When Life Gives You A Lemmon…

The actor Jack Lemmon has appeared in some of my favourite films over the years, always putting in superb performances. Rarely does a year go by, when I don’t play the DVDs of films like ‘Mister Roberts’ ‘Some Like it Hot’ ‘The Apartment’ and ‘The Odd Couple.’

He was born John Uhler Lemmon III in February 1925, son of Mildred and John II. Mildred actually gave birth in the hospital elevator as Jack arrived in a hurry, two months premature. Despite being a sickly child, he acted in amateur productions from the age of 4 and decided he wanted to be an actor from the age of eight. As he became older he concentrated on drama, track sports and music, and he was very keen on the piano from the age of 14 and loved playing all his life. Later, whilst studying at Harvard he was elected president of The Hasty Pudding club, the oldest collegiate social club/theatrical troupe in America.

Jack served in the US Navy at the end of World War II before resuming at Harvard to graduate. He then went on to study acting in New York. He found work in radio, on TV and appeared in his first film in 1949. It is said he turned up in over 400 television appearances up until 1953.

He took to the stage on Broadway in the same year, before being spotted by scouts at Columbia Studios in the same year and he then concentrated on films. His first major success was as ‘Ensign Pulver’ in the 1955 film ‘Mister Roberts’ alongside James Cagney and Henry Fonda, which won Jack the best supporting actor Oscar.

1959 saw him drag up as ‘Daphne’ (based it is said on his mother) alongside Tony Curtis as ‘Josephine’ in Billy Wilder’s ‘Some Like It Hot.’ In it, they try and escape the ‘mob’ who are after them, by joining an all female band featuring ‘Sugar’ played by Marilyn Monroe, with whom they soon both became captivated by.
The film began Lemmon’s long association with Wilder and they worked together on seven films in total.

Wilder once said: ‘Happiness is working with Jack Lemmon.’

Jack and Billy then continued with their association with the Oscar nominated ‘The Apartment’ alongside Shirley McLaine. The film is a joy from start to finish and no surprise it won the Best Film Oscar in 1961. By the way, in it Jack plays C.C. ‘Bud’ Baxter – great surname that…

Another long-time associate was Walter Matthau, with whom Jack would go to work with on nine films in total. First up was ‘The Fortune Cookie’ in 1966 again directed by Wilder, which earned Matthau an Oscar.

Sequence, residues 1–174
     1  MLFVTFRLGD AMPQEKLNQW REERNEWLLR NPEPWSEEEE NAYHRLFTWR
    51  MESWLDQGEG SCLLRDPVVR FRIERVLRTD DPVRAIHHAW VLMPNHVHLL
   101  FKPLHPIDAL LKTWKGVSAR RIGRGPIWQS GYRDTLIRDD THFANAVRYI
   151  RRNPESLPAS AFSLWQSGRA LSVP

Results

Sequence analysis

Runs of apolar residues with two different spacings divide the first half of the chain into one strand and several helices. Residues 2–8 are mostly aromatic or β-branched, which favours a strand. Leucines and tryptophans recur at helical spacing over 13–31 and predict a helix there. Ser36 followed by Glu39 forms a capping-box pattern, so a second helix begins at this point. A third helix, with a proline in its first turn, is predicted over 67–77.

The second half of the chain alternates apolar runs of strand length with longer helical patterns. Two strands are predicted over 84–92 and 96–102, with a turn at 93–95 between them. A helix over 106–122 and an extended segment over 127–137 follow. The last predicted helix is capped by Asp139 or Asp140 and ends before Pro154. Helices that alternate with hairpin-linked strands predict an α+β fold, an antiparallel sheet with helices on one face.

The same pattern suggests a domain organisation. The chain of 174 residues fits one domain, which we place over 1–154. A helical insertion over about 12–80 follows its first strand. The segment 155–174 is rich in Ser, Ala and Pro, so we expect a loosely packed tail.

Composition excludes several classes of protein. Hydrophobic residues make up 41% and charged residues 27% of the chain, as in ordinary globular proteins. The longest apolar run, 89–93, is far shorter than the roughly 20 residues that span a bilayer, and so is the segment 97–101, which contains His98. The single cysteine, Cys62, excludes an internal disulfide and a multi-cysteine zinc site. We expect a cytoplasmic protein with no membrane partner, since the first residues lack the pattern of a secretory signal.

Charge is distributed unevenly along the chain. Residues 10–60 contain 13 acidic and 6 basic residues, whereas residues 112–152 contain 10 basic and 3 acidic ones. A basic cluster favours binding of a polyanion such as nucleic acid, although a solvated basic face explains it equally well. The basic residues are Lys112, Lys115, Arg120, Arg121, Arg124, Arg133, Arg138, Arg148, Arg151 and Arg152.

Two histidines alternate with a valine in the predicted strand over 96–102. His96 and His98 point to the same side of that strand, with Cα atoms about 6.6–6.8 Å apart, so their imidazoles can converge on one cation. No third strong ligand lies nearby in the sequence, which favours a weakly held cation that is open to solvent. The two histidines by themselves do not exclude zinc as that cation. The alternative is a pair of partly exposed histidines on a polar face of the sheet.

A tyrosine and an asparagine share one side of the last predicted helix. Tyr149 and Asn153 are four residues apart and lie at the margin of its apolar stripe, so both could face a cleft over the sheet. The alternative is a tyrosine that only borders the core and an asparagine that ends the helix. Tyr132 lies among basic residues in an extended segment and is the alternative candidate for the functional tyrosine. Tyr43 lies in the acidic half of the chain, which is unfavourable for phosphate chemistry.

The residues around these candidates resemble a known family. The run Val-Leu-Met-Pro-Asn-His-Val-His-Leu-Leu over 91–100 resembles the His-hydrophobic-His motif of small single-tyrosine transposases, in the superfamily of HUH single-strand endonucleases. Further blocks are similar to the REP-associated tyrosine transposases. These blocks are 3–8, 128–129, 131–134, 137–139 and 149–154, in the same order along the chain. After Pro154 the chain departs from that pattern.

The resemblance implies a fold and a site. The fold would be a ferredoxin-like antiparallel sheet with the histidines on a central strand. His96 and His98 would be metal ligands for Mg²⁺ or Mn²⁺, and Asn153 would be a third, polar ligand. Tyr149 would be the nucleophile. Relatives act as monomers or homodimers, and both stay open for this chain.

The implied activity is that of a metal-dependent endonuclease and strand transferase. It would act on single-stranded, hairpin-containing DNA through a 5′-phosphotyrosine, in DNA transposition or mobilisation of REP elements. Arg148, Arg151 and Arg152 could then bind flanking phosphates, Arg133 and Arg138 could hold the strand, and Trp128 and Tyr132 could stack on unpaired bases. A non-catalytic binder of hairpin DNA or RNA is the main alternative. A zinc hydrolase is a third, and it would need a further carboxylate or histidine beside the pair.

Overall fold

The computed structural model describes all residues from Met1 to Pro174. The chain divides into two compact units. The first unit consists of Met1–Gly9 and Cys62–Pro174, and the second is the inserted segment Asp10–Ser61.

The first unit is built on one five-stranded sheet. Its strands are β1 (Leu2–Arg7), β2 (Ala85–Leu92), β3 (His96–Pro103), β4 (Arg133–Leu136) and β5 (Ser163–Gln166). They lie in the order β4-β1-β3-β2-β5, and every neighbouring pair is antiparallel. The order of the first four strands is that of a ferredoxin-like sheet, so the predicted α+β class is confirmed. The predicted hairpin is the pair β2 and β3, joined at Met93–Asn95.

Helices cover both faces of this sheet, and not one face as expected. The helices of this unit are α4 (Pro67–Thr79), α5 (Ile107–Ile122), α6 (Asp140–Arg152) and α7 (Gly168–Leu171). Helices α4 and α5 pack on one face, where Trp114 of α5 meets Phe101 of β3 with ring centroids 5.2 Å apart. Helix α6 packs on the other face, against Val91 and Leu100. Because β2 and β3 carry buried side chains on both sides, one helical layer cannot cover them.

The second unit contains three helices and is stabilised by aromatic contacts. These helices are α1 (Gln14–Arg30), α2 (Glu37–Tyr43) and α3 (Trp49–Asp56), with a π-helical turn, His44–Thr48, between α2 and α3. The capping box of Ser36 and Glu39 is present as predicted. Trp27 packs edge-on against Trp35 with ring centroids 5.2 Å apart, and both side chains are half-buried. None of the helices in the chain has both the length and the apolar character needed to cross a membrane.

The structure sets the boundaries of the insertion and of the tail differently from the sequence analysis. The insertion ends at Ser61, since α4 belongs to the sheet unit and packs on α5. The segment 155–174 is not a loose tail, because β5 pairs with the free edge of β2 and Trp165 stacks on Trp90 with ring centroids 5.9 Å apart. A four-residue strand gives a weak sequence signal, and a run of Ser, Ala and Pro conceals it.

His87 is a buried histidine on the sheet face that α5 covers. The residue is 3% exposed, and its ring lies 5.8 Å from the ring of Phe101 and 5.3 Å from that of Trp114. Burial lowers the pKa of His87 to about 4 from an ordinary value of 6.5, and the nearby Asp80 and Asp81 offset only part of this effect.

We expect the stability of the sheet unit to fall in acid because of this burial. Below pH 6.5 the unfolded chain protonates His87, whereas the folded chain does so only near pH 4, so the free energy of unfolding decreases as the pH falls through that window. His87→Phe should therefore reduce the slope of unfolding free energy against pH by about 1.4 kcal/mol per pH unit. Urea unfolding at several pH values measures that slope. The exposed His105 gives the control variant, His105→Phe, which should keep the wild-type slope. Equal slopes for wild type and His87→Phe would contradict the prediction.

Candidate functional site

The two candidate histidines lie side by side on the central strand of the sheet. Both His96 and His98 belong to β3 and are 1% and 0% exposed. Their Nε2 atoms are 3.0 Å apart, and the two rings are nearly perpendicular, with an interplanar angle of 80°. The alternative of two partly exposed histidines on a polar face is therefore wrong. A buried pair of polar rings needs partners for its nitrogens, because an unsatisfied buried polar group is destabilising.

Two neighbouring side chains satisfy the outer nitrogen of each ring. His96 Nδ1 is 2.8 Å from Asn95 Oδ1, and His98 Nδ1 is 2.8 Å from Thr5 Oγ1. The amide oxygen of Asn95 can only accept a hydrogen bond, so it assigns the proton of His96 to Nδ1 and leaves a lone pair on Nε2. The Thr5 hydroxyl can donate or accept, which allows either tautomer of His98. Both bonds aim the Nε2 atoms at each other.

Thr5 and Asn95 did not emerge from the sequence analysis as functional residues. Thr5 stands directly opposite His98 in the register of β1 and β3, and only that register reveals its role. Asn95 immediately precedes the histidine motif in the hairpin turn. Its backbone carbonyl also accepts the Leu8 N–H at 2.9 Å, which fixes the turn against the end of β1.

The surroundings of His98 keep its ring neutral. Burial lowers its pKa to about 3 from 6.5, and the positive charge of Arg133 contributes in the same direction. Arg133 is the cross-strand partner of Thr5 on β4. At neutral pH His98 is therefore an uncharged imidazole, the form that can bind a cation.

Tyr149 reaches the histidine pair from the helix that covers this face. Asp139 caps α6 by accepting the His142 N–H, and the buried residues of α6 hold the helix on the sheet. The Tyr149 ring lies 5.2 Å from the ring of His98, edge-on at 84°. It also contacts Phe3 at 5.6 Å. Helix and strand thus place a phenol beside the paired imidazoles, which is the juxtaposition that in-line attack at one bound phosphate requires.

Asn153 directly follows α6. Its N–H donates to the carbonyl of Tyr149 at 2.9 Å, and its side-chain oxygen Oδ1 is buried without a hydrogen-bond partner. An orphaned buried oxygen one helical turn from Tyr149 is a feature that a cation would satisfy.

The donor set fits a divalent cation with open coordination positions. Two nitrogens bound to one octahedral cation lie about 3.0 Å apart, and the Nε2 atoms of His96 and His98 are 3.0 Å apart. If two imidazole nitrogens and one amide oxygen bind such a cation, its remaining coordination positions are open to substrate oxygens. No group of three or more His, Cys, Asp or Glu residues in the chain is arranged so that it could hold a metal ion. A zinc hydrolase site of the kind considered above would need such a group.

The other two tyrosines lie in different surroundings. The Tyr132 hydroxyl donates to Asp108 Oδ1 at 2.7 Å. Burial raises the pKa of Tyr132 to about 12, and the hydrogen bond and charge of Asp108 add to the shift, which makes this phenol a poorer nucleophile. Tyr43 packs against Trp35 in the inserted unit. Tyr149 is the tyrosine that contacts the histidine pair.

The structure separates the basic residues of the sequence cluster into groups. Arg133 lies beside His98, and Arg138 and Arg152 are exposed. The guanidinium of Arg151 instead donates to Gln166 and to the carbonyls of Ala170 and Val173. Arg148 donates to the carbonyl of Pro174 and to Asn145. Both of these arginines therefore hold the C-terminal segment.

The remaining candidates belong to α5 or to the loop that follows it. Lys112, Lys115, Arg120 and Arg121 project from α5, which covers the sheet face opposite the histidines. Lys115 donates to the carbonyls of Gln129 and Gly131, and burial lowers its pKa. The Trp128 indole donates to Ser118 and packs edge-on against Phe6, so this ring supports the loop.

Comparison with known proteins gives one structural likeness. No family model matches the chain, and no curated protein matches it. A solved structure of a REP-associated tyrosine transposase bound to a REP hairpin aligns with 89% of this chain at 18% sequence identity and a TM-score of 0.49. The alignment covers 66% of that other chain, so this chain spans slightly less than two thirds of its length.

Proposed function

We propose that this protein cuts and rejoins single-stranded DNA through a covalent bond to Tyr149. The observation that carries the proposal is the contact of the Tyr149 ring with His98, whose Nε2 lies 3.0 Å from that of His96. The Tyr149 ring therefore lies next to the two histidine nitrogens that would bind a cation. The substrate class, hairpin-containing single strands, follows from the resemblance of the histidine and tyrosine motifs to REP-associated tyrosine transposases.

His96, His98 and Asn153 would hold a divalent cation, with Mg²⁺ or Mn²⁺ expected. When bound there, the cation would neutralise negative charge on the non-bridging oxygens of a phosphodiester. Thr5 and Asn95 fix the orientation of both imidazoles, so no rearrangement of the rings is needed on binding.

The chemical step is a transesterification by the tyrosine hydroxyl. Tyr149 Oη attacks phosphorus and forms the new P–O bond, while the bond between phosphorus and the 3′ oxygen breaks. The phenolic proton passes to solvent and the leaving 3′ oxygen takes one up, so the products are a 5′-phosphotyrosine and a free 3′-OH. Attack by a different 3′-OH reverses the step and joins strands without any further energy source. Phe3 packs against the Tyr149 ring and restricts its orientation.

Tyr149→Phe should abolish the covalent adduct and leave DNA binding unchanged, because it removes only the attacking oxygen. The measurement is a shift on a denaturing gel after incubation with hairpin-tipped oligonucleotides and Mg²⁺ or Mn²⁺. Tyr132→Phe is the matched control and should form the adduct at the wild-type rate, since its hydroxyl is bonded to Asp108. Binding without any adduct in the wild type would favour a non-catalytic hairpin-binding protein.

One of my personal all-time favourites came next in 1968 with the big screen adaption of the Neil Simon play ‘The Odd Couple. ‘ Jack played ‘Felix Unger’ again alongside his old mate Walter as  ‘Oscar Madison.’ Beautiful line after beautiful line of this masterpiece hits the spot and it is simply a majestic two-hander played by the leads

As well as acting, Lemmon had his own production company -‘Jalem’ – which produced the film  ‘Cool Hand Luke’ starring Paul Newman in 1967. As a thank you for the help in getting the film made, Newman offered Jack the role of ‘The Sundance Kid’ in the 1969 film ‘Butch Cassidy and The Sundance Kid’ but Lemmon turned it down.
Instead in 1973, he went on to play Harry Stoner in ‘Save The Tiger’ a film that was turned down by most of the studios, before getting the green light by Paramount but only on a very tight budget. It was worth the struggle however; as Lemmon went on to win the Best Actor Oscar for his portrayal of a man on the verge of breaking down.

Jack himself, had real battles of his own in real life with alcohol and admitted to being a recovering alcoholic in the late 1980s.

His later work included ‘Glengarry Glen Ross’ and a small part in ‘JFK” by Oliver Stone in 1991. All in all he appeared in over 60 films.

“Ever since I got into live TV in my late twenties, there has never been a serious drop when I’d have to make a comeback. We all make bad films. The producers misjudge, and you misjudge. That happens more often than the hits.
But I have been able to get films that have worked, not only at the box office, but critically and with the public, often enough so that I’m still around. I can still get wonderful parts, thank God.’

Jack Lemmon died from the effects of bladder cancer in 2001, aged 76.

His gravestone simply reads ‘Jack Lemmon in…’

A class act to the end.

The Mumper of SE5



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